Keith Beattie is an Associate Professor at Deakin University. He has published eight books on aspects of national cinemas and the history and theory of nonfiction film (among them Documentary Screens, Palgrave Macmillan, Humphrey Jennings, Manchester University Press, and D.A. Pennebaker, University of Illinois Press). He is currently writing a volume for the Film Classics series published by the British Film Institute, and a book on the intersections of popular music and documentary film for Columbia University Press. At Deakin he heads the Processes of Signification Faculty Research Group and contributes to research projects undertaken within the Centre for Citizenship and Globalisation.
Dr Adam Brown is a Lecturer in Media Studies at Deakin University, Australia, and a volunteer at the Jewish Holocaust Centre in Melbourne. He is the author of Judging ‘Privileged’ Jews: Holocaust Ethics, Representation and the ‘Grey Zone’ (Berghahn, 2013) and co-author of Communication, New Media and Everyday Life (Oxford UP, 2012). Intensely interested in animal and human rights issues, Adam’s interdisciplinary research has spanned Holocaust representation across various genres, surveillance and film, mediations of rape, digital children’s television, and board game culture. He is currently researching the portrayal of women in Holocaust cinema and various aspects of board gaming, including their adaptation for screen media.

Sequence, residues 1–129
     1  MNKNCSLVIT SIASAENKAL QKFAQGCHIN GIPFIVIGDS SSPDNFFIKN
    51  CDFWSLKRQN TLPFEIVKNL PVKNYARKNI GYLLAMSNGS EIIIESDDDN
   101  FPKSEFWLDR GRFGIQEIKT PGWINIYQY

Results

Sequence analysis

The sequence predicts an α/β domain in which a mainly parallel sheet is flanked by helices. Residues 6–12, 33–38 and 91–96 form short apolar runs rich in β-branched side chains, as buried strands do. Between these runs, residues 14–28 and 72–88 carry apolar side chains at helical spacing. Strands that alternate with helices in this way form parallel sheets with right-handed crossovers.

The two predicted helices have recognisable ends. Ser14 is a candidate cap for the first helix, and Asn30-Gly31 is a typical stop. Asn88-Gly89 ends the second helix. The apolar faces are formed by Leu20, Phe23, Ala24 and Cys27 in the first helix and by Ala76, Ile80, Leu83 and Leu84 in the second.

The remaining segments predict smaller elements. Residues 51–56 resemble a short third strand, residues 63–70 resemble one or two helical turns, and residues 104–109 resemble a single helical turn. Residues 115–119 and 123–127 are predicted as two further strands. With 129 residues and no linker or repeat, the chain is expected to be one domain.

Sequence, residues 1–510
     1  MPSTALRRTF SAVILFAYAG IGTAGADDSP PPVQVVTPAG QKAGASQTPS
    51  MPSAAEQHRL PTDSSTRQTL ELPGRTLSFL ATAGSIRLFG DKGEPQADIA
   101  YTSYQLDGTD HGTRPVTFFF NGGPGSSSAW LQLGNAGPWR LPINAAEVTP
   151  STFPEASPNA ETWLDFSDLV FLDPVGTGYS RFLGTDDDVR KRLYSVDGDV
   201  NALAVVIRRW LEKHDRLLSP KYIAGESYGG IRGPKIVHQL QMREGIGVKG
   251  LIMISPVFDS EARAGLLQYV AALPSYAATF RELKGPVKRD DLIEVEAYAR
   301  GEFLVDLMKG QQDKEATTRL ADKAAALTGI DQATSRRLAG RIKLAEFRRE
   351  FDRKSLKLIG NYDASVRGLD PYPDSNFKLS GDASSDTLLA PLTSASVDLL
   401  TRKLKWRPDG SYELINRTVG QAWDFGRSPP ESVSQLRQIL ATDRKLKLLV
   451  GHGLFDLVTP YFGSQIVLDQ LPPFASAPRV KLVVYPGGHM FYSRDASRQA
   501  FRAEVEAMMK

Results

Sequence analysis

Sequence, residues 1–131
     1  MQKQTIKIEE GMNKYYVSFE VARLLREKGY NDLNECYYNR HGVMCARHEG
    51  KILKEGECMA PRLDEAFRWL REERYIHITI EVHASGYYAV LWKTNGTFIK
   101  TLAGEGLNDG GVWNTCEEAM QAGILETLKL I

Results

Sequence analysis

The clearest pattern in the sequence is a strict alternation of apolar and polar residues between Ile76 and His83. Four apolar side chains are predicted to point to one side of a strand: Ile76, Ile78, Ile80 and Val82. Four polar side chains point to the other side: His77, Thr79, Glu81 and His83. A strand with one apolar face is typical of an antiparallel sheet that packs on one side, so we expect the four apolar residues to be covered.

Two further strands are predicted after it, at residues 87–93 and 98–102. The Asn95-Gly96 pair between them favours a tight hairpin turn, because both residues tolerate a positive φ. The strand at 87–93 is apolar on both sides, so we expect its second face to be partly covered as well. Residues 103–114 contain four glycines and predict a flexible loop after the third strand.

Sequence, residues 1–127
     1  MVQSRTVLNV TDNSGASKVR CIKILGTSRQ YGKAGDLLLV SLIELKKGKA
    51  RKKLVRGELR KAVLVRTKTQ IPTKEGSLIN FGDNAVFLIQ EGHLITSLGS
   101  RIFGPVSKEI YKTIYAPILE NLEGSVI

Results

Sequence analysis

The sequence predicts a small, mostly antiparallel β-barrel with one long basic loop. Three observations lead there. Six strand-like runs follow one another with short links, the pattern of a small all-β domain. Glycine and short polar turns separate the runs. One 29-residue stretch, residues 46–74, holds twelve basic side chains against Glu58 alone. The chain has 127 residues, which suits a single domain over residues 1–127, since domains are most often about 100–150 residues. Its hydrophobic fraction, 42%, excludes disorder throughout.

Toija Cinque is a Senior Lecturer in Media Studies at Deakin University, Australia. Cinque has written widely on various aspects of internet use and her most recent book is the co-authored work Communication, New Media and Everyday Life (2012) by Oxford University Press. She is on the editorial Board for the journal New Scholar: An International Journal of the Humanities, Creative Arts and Social Sciences. Her teaching areas include communications institutions and industries, media texts and audiences, and the new media. Cinque’s main research interest lies in extending the limits of conventional media studies; exploring the intersections between social media, legacy media and communications with other studies in history, celebrity, statistics, privacy and surveillance, public policy, media law and economics. Toija Cinque’s forthcoming works include Changing Media Landscapes: Visual Networking and Communication, New Media and Everyday Life, second edition, both for Oxford University Press in 2015, and Enchanting David Bowie (co-authored with Christopher Moore and Sean Redmond) for Bloomsbury, forthcoming 2015.
Victoria Duckett is a lecturer in Media and Communications in the School of Communications and Creative Arts at Deakin University. Victoria’s areas of interest include early cinema and visual culture, feminist film historiography, performance, entertainment production, and digital archives. She is co-editor of Researching Women in Silent Cinema: New Findings and Perspectives (University of Bologna, 2013) and author of Seeing Sarah Bernhardt: Performance and Silent Film (University of Illinois Press, Oct. 2015). She is co-editor (with Jill Matthews) of the forthcoming issue of Feminist Media History on ‘Feminism and the Archive’ and co-editing (with Susan Potter) an issue of Screening the Past which draws upon the conference she co-convened in 2013, Women and the Silent Screen VII. Victoria is on the editorial board of Feminisms, Medias, Histories and the Journal of Nineteenth Century Theatre and Film. She is a member of the steering committee of Women and Film History International.